On April 19, 2017, Giovanni Peri gave the final Werner Sichel lecture of the 2016-2017 season at Western Michigan University. Peri is a professor and chair of the economics department at the University of California, Davis, and a research associate at the National Bureau of Economic Research. He is a widely acknowledged research leader in the study of international migration and its consequences on labor markets and productivity. We asked Dr. Peri to address a few questions related to the lecture that he delivered on April 19th.
Question 1: How has immigration to the United States changed over the past 25 years?
Peri: In general, immigrants have become increasingly high-skilled and highly educated over this period. Whereas immigrants composed about 9 percent of the U.S. college graduate population in 1990, today they make up 16 percent of the college graduate population, and this share is higher than the immigrant share of the population as a whole.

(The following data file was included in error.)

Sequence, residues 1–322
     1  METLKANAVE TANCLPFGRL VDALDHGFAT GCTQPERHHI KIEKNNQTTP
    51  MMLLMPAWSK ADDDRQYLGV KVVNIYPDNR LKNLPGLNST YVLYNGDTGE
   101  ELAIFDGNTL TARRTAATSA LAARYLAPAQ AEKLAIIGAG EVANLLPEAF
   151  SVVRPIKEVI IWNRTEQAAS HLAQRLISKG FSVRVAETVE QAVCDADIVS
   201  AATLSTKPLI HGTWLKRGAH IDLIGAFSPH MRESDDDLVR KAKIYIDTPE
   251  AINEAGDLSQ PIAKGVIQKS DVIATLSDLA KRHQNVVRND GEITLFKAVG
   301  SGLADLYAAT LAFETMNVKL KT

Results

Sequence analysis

Also, the source countries have changed somewhat. Immigrants are more likely to come from China and India and less likely to come from Mexico and Central America. In fact, all immigration from Mexico, documented or not, has fallen by two-thirds since 2000, from about 400,000 per year to about 130,000 per year. And these figures include only Mexicans entering the United States; if one accounts for Mexican immigrants in the United States returning to Mexico, the net flow of Mexican immigration actually turned negative before the Great Recession, a decade ago. More broadly, immigrants to the United States still come on net from poorer countries—the share of immigration from places like Western Europe and Canada is down, and it’s up from places like India, China, and Africa—but the immigrants from those relatively poor places are fairly highly skilled.